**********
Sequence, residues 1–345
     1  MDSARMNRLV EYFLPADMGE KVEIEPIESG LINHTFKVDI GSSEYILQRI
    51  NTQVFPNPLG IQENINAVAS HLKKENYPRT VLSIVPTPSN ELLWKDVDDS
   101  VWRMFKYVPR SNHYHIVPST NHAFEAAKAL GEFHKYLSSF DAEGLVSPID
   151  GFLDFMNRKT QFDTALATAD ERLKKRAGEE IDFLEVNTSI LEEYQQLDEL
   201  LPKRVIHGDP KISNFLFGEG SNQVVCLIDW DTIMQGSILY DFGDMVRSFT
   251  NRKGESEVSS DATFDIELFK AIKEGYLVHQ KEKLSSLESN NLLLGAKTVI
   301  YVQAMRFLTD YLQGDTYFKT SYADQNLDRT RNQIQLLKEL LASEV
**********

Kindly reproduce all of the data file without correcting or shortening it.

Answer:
Sequence, residues 1–345
     1  MDSARMNRLV EYFLPADMGE KVEIEPIESG LINHTFKVDI GSSEYILQRI
    51  NTQVFPNPLG IQENINAVAS HLKKENYPRT VLSIVPTPSN ELLWKDVDDS
   101  VWRMFKYVPR SNHYHIVPST NHAFEAAKAL GEFHKYLSSF DAEGLVSPID
   151  GFLDFMNRKT QFDTALATAD ERLKKRAGEE IDFLEVNTSI LEEYQQLDEL
   201  LPKRVIHGDP KISNFLFGEG SNQVVCLIDW DTIMQGSILY DFGDMVRSFT
   251  NRKGESEVSS DATFDIELFK AIKEGYLVHQ KEKLSSLESN NLLLGAKTVI
   301  YVQAMRFLTD YLQGDTYFKT SYADQNLDRT RNQIQLLKEL LASEV